Santiago's division spent $42m on research and development (R&D) last year. A further $57m will be spent this year and he expects some $80m in 2004. Although some of it is greenfield research, such as work on offshore liquefied natural gas (LNG) trains, much of the R&D effort goes into existing equipment.
However, Santiago points out that on top of its own R&D spend, GE Oil&Gas benefits from the research investment throughout the entire GE group of companies. There is a GE technical council, which meets quarterly, which involves all the technicians in all businesses and they exchange ideas and problems.
Meeting the challenge
Harking back to last year's acquisition of PII, Santiago recalls: When we were looking at that space, we saw that we could flow down some of GE's medical-systems technology into pigs. The challenge was to integrate a camera and a computer. It has since happened and we now have the latest generation of pigs. There are 60 PhDs working in GE's research centres whose whole life is about technological innovation. Sometimes they will spend a lot of time working on something that does not, in the end, produce a solution. That happens. But it does not matter.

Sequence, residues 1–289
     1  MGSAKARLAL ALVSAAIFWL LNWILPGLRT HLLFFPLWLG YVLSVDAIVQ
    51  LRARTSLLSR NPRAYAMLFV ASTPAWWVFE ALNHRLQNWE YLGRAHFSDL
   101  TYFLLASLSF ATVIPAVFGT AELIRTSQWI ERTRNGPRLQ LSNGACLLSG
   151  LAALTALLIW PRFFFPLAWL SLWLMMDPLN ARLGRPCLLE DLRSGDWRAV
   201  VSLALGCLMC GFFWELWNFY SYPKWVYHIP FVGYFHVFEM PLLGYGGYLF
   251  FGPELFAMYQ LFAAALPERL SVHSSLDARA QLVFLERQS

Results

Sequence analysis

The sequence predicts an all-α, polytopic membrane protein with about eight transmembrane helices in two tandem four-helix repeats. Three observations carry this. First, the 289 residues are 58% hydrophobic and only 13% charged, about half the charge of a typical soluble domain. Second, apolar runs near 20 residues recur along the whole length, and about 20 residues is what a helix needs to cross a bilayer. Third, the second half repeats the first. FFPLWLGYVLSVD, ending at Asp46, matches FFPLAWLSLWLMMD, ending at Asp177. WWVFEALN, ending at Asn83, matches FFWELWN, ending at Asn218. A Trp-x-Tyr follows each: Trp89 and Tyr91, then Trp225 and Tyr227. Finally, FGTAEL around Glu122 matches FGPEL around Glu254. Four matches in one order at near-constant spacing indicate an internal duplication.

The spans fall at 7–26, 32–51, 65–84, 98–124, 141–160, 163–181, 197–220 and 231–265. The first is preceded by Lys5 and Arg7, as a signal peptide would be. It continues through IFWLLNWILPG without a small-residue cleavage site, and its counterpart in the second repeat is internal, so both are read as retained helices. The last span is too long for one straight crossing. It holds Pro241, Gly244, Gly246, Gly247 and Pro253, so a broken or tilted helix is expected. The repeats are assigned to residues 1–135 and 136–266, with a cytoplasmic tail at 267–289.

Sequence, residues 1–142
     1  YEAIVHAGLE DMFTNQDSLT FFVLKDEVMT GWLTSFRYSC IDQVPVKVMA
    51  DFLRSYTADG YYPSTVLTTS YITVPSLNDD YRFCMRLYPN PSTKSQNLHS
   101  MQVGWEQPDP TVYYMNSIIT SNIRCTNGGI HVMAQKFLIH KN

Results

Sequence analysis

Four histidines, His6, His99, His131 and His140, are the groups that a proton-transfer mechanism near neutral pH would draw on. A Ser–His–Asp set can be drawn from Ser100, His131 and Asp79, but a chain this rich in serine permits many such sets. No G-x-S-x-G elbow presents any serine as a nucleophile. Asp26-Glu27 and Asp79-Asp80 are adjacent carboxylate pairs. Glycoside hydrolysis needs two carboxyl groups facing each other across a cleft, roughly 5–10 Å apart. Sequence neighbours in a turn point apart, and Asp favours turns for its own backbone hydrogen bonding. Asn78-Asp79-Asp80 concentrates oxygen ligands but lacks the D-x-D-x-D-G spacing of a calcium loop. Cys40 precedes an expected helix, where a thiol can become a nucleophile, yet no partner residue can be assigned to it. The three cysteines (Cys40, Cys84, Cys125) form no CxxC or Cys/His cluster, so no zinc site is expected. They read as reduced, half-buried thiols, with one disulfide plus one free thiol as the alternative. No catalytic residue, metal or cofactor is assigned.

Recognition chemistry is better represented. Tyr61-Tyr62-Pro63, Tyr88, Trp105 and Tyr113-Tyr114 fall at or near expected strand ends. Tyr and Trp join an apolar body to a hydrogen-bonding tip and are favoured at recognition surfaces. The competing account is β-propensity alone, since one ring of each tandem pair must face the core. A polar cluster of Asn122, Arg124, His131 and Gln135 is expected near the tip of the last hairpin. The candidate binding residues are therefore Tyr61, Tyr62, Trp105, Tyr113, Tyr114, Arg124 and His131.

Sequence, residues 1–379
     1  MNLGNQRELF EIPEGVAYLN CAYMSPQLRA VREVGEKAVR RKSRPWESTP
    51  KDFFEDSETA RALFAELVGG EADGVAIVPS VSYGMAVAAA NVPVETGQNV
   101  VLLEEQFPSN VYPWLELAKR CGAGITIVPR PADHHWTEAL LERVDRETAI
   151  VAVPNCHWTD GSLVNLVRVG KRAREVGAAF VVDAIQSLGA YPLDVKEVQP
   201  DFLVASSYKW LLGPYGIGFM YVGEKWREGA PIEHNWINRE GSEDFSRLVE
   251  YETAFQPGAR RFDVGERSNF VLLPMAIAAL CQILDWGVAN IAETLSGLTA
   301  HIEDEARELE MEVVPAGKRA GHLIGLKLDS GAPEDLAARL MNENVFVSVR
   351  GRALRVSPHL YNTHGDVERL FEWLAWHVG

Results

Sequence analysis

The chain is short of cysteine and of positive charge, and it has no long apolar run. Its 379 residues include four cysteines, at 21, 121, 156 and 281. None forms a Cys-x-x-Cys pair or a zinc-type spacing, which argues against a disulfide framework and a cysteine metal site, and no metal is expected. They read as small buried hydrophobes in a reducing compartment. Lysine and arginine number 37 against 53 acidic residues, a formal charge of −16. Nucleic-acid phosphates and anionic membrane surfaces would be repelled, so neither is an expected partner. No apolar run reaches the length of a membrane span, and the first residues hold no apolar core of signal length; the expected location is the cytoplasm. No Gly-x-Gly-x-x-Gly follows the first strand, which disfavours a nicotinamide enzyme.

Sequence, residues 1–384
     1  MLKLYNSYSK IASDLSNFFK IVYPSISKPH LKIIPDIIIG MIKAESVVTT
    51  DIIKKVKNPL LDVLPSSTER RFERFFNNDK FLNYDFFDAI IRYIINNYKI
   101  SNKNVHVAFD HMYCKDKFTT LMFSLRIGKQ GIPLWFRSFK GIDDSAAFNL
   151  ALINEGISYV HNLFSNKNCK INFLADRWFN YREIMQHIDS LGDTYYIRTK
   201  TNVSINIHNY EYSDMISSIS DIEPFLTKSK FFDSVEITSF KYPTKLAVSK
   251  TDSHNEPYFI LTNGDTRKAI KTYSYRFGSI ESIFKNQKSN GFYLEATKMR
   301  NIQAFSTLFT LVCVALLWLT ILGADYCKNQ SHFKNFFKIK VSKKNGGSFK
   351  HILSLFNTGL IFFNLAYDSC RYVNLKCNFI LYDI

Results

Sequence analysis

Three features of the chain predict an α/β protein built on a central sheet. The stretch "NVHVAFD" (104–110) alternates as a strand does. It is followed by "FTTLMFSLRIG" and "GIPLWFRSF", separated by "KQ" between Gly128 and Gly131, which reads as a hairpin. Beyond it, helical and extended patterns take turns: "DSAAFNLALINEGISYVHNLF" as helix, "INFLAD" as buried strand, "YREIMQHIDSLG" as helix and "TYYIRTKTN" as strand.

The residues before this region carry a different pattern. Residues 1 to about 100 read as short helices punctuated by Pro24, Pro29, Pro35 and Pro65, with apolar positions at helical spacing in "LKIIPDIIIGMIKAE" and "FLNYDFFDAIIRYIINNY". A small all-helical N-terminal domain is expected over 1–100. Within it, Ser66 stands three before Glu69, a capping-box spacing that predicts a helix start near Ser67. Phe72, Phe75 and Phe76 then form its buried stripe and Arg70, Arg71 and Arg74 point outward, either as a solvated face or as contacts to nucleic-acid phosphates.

The salesman in Santiago comes to the fore when he asserts: I believe strongly in the principle that it is very hard to have a bad day with a customer, even if they say no. At least you have the opportunity to find out why they want to take a different route. We have thrown our expertise into projects that we nevertheless went on to lose. A few years ago, we were looking at a pipeline-building scheme and we invested a lot of money in that project. But, in the end, the customer went with something else. We had thought we had enough products in our portfolio, but it was not the case. We learnt from that failure and spent $50m developing a product to fill that gap.
Santiago is not easily drawn on the problems of low margins complained of by many industry suppliers, although he admits his division's margins are not the margins enjoyed almost anywhere else in GE. He feels that if the whole supply chain of the industry is indeed skewed, then the response to tight margins should not be complaint, but more consistent productivity.